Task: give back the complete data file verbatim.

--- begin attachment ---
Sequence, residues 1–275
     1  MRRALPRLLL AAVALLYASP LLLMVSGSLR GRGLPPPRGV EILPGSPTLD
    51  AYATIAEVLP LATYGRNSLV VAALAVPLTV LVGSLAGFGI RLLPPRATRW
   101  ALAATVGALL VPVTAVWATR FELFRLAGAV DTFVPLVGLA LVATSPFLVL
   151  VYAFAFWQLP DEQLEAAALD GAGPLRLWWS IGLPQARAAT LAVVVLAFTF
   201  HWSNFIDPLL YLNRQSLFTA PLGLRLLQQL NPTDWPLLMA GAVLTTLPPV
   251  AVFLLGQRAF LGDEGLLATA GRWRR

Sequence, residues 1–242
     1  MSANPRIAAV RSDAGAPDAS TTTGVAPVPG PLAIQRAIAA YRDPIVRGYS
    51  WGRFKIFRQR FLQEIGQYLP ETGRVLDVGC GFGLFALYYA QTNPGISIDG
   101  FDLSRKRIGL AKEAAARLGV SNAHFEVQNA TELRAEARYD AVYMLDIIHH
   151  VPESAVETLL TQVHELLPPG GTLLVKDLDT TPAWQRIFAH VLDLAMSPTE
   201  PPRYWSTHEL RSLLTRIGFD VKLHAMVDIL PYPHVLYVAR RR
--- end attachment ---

Sequence, residues 1–275
     1  MRRALPRLLL AAVALLYASP LLLMVSGSLR GRGLPPPRGV EILPGSPTLD
    51  AYATIAEVLP LATYGRNSLV VAALAVPLTV LVGSLAGFGI RLLPPRATRW
   101  ALAATVGALL VPVTAVWATR FELFRLAGAV DTFVPLVGLA LVATSPFLVL
   151  VYAFAFWQLP DEQLEAAALD GAGPLRLWWS IGLPQARAAT LAVVVLAFTF
   201  HWSNFIDPLL YLNRQSLFTA PLGLRLLQQL NPTDWPLLMA GAVLTTLPPV
   251  AVFLLGQRAF LGDEGLLATA GRWRR

Sequence, residues 1–242
     1  MSANPRIAAV RSDAGAPDAS TTTGVAPVPG PLAIQRAIAA YRDPIVRGYS
    51  WGRFKIFRQR FLQEIGQYLP ETGRVLDVGC GFGLFALYYA QTNPGISIDG
   101  FDLSRKRIGL AKEAAARLGV SNAHFEVQNA TELRAEARYD AVYMLDIIHH
   151  VPESAVETLL TQVHELLPPG GTLLVKDLDT TPAWQRIFAH VLDLAMSPTE
   201  PPRYWSTHEL RSLLTRIGFD VKLHAMVDIL PYPHVLYVAR RR